Credit: Kayleigh Skinner, Mississippi Today

Greenville school officials last week directed the school board attorney to draft information about the April bus driver strike to submit to the Mississippi Attorney General’s Office, according to attorney Dorian Turner.

“The board discussed and reviewed information regarding individual bus drivers and the alleged strike,” Turner said in a statement. “They directed the board attorney to draft for their approval documentation to submit to the appropriate authorities.”

Between 13 to 20 bus drivers for the Greenville Public School District skipped work in April to protest reduced pay and what they called poor work conditions. Following the strike, which is explicitly illegal in Mississippi, the school board reversed a previous decision to reduce the number of work days for the drivers for the next school year by five days.

Several bus drivers who previously spoke to Mississippi Today said they had not been paid by the district for hours worked. One driver said she was not paid for the duration of her quarantine after being exposed to COVID-19 while at work.

In May, Turner, the board attorney, advised board members that what occurred was indeed a strike. Board officials, however, delayed taking any action for weeks.

The strike law passed in 1985 clearly states that school board members themselves are responsible for reporting the names of those who went on strike to the Mississippi Attorney General’s Office. For each day that those names are not reported by the board to the state, the individual board members and school administrators can be fined between $100 and $250.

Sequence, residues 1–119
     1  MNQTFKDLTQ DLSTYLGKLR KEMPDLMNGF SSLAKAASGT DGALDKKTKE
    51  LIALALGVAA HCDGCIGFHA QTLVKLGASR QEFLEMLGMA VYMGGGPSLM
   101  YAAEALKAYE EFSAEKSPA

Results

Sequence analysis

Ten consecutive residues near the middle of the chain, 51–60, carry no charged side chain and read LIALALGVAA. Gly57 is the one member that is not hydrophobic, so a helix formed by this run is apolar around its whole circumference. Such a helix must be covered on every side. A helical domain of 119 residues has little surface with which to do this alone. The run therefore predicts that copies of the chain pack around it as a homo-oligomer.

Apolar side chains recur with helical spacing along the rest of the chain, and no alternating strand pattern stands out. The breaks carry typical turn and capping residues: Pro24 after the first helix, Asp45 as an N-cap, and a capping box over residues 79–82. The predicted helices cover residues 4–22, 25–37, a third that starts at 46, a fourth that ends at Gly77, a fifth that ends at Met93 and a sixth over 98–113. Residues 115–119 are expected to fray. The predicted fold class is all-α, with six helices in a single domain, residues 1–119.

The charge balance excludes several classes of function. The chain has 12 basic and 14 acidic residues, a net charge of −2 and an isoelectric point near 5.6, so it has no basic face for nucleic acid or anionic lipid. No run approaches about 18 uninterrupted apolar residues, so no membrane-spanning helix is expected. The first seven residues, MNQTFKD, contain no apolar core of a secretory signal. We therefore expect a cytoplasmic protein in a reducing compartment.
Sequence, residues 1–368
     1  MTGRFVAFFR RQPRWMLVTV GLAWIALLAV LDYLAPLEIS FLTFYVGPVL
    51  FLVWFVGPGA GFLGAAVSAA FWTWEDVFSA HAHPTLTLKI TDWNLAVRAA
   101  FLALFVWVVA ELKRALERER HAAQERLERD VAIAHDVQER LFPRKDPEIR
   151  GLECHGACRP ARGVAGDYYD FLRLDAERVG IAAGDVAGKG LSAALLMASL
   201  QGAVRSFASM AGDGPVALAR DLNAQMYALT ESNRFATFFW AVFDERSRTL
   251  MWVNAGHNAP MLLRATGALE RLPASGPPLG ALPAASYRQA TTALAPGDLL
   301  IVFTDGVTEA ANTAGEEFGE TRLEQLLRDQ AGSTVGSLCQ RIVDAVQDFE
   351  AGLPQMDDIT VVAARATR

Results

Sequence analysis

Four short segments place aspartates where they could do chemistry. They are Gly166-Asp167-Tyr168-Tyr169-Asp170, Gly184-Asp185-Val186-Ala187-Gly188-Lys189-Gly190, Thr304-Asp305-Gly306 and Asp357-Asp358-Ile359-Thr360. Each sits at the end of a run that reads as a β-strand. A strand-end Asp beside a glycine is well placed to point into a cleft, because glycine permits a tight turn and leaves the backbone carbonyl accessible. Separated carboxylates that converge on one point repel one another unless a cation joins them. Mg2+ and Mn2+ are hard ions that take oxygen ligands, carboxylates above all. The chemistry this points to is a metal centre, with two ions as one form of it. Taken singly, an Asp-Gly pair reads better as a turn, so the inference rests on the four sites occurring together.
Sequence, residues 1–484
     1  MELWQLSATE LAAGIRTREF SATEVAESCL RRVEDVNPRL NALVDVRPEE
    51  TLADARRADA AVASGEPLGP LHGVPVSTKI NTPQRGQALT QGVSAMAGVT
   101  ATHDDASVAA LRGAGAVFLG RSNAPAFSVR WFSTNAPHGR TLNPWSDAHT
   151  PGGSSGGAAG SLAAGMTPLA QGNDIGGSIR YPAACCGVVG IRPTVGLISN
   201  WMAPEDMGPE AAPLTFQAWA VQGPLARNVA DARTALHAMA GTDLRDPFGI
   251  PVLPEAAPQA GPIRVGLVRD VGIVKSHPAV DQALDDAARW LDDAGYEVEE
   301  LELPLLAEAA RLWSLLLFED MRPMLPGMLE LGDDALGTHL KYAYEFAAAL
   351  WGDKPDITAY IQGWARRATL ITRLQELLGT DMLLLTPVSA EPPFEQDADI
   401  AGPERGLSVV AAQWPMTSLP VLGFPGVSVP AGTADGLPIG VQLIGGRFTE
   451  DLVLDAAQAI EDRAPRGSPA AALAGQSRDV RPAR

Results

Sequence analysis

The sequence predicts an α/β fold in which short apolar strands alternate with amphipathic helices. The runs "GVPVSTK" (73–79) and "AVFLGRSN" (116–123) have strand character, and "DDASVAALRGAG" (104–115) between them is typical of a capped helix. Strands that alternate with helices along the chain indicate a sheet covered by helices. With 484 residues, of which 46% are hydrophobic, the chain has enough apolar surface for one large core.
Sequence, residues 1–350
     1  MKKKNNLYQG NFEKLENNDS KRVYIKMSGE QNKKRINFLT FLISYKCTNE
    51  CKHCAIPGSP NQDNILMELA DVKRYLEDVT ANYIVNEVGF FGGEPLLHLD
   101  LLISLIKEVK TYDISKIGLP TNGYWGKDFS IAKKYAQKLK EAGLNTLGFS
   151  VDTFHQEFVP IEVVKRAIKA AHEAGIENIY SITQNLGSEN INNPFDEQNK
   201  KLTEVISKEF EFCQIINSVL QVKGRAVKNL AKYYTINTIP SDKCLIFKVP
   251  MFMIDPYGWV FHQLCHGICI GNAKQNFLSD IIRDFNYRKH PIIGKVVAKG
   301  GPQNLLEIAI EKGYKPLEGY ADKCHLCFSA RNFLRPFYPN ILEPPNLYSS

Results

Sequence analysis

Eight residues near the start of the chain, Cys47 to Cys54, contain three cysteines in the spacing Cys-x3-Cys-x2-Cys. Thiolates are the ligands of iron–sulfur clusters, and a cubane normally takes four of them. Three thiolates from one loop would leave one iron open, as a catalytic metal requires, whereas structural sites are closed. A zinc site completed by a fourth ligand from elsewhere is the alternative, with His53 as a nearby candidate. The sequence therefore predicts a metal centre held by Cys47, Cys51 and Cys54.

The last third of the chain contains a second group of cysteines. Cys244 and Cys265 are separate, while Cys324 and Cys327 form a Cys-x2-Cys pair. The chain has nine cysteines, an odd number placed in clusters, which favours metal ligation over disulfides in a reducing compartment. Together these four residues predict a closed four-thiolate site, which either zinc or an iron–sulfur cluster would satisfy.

The school board held a special called meeting Tuesday. The majority of the meeting was held behind closed doors in executive session, but Turner said no action was taken concerning the strike.

Turner will present the information to the board for its approval at its next meeting on July 27. Everett Chinn, a spokesperson for the district, said the district will not be streaming that meeting or any future meetings online as it has in the past.

Emails between board members and Superintendent Debra Dace reveal some of the internal conversations between Turner, board members and the superintendent in the aftermath of the strike. Dace and board president Jan Vaugh discussed receiving calls from Mississippi Today, and both agreed they would not be commenting on the matter.

” … I guess this is one of the disadvantages of team-audio conferencing because I had no idea (the Mississippi Today reporter) was listening,” Vaughn said in reference to the streamed board meetings.

READ MORE: Greenville bus strike could transform public education in Mississippi


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Kate Royals is a Jackson native and returned to Mississippi Today as the lead education reporter after serving in the same capacity from 2016 to 2018. Prior to that, she was a reporter for the Clarion-Ledger covering education and state government. She won awards for her investigative work, including stories about the state’s campaign finance laws and prison system. She was a news producer at MassLive in Springfield, Mass., after graduating from Louisiana State University’s Manship School of Mass Communications with a master’s degree in communications.